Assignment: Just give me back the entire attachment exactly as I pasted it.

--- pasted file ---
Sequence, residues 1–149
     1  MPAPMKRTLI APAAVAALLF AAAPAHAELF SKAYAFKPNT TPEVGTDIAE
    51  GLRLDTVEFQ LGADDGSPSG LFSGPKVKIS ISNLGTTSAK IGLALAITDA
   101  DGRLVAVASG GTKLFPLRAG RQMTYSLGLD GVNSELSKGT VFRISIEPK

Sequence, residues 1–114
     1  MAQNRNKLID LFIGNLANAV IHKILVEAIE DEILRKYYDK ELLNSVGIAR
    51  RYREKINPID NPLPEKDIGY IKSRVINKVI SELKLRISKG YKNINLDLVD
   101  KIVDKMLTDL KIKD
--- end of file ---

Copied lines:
Sequence, residues 1–149
     1  MPAPMKRTLI APAAVAALLF AAAPAHAELF SKAYAFKPNT TPEVGTDIAE
    51  GLRLDTVEFQ LGADDGSPSG LFSGPKVKIS ISNLGTTSAK IGLALAITDA
   101  DGRLVAVASG GTKLFPLRAG RQMTYSLGLD GVNSELSKGT VFRISIEPK

Sequence, residues 1–114
     1  MAQNRNKLID LFIGNLANAV IHKILVEAIE DEILRKYYDK ELLNSVGIAR
    51  RYREKINPID NPLPEKDIGY IKSRVINKVI SELKLRISKG YKNINLDLVD
   101  KIVDKMLTDL KIKD